Steamboat Springs Craig Thrasher recently demonstrated he's almost as good at the delicate art of fly casting, as he is at balancing on the sharpened edge of a downhill ski at 75 mph.
Thrasher is the fishing manager at Storm Mountain Ranch, and a former Olympic downhill skier. In August, Thrasher proved he can hold his own with Orvis fishing guides, as well as Austrian skiers. At roughly the same time, Storm Mountain Ranch became the first private facility to receive a full endorsement from the prestigious Orvis brand.
Maybe it was his experience as a winter Olympian, then again, probably not, but Thrasher jumped into the Orvis guide "Olympics" in Glenwood Springs last month and placed among the top five out of 155 entrants. It was Thrasher's first contest of that kind.
"I was pleased, especially since I'd never had a casting lesson," Thrasher said. "But I'm pretty comfortable with competitive situations."
Thrasher said he did well in the accuracy competition, which required the flycaster to place his or her flies within various hula hoops floating on a pond.
Together, Thrasher and Storm Mountain developers Jeff and Jamie Temple are intent on proving that trout fishing and horseback riding, like golf courses, can drive sales of luxury home developments.
Storm Mountain is well on its way to making that point of the original 14 homesites with listing prices averaging about $2.5 million, three remain for sale. A pair of the original 14 lots were reserved for the Temple brothers, leaving an even dozen that went on the market. Two home sites closed last week and a third went under contract for $3.1 million, Jeff Temple said. The two homesites that sold include one purchased by the "Ogilvie Family Trust" for $2.55 million and another to the "Link Family Trust" for $2.75 million.
Storm Mountain Ranch is intersected by a stretch of Walton Creek including Walton Canyon, where the creek tumbles off the Continental Divide. The development is noteworthy because more than 900 of its 1,063 acres is protected by a conservation easement. That means the acres set aside to be protected from future development will remain that way in perpetuity.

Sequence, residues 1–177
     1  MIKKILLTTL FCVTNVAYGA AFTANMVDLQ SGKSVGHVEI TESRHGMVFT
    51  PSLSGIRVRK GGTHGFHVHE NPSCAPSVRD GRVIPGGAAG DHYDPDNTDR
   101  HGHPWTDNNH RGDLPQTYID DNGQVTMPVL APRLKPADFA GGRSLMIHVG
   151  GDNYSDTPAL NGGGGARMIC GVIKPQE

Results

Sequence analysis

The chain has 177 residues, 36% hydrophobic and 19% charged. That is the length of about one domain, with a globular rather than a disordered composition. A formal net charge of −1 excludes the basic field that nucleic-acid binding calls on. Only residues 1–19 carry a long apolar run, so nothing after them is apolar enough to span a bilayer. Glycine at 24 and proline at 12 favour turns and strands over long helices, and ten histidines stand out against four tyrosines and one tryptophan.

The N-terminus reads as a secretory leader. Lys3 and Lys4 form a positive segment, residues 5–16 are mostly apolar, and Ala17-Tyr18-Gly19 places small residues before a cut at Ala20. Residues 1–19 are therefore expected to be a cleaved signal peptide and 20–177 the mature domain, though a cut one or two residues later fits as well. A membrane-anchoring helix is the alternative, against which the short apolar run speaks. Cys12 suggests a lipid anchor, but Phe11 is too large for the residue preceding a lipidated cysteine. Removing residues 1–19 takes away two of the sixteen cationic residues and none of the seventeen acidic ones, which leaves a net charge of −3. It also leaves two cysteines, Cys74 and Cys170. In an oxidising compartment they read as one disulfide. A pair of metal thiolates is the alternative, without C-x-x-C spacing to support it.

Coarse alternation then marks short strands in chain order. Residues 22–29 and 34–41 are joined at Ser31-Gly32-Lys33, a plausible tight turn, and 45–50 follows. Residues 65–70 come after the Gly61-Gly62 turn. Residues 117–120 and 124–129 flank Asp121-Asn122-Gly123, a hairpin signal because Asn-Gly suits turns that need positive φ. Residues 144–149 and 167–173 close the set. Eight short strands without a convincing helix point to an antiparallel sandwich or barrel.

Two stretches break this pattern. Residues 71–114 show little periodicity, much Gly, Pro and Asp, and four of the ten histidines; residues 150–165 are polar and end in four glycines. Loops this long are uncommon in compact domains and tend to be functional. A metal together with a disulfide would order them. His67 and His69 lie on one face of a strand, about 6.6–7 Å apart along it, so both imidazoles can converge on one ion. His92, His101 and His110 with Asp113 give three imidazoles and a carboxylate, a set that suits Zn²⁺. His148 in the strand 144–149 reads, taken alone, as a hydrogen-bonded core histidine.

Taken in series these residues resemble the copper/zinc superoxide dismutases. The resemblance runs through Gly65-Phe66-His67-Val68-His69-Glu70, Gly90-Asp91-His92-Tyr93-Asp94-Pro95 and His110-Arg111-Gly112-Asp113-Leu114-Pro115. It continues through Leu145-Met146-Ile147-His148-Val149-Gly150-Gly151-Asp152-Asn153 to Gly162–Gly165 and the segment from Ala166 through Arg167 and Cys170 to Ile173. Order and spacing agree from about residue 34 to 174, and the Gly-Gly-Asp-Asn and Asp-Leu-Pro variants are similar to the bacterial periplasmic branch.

Walton Creek has been enhanced as trout habitat, but fishing opportunities have been expanded by a system of ponds. And existing irrigation ditches on the working hay ranch have been painstakingly modified so they resemble spring creeks. The fishing is restricted to owners and their guests Storm Mountain won't sell guided fishing trips to anglers who don't have a home on the ranch.
Jeff Temple, who says he hopes to see natural trout reproduction occur in the streams, said the endorsement by Orvis legitimizes many of the efforts being made by the ranch staff.
"It's very difficult to earn the Orvis endorsement," Temple said. "Orvis came and inspected our fishing water, our cabins, and our lodges. They fished with our guides to make sure they were top notch. They checked our equipment to make sure everything was top quality from our rods and reels to our nets and waders. They even took a close look at our trout, to make sure they were healthy and disease free."
Thrasher said Mark Bressler, director of the Orvis endorsement program, visited Storm Mountain and called the stream improvements some of the most carefully planned in the West.
"We've done a ton of work on the riparian areas and reestablishing the stream edge with native plants," Thrasher said. "Bressler was impressed with that."
"Storm Mountain Ranch has some of the most diverse fly fishing water I've seen anywhere," Bressler was quoted in a prepared statement. "From freestone creeks, to ponds, to spring creeks through hay meadows, it's all there. The first four fish I had on broke my line."
In addition to the guided fishing opportunities Storm Mountain Ranch provides for its owners and their guests, it also maintains a stable of registered paint quarterhorses. In the winter, the ranch grooms a network of cross-country ski trails.
Thrasher isn't the only Olympic skier associated with the ranch. Todd Lodwick, a current member of the U.S. Nordic Combined Team, is the nordic director at the ranch.
Thrasher placed 31st in downhill at the 1994 Olympics outside Lillehammer, Norway. He also placed 16th in a World Cup on the Kvitfjell course outside Lillehammer in 1995. That same year, he placed second in the U.S. Championships at Snowbasin, Utah.
Thrasher has been trout fishing since the age of 9, when his family moved to a home near where Fish Creek enters the Yampa River. He added he's thoroughly impressed with the improvements the Yampa Valley FlyFishers have made to trout habitat along the Yampa within the city limits.
Thrasher doesn't spend all of his time fishing he has many duties related to keeping the population of fish healthy. He flashed a notebook with a list of 41 chores that needed to be done, from planting native shrubs, to building small bridges.
"A part of my job is checking oxygen and temperature levels on a weekly basis," Thrasher said.
Just the same, don't you wish you had Craig Thrasher's job?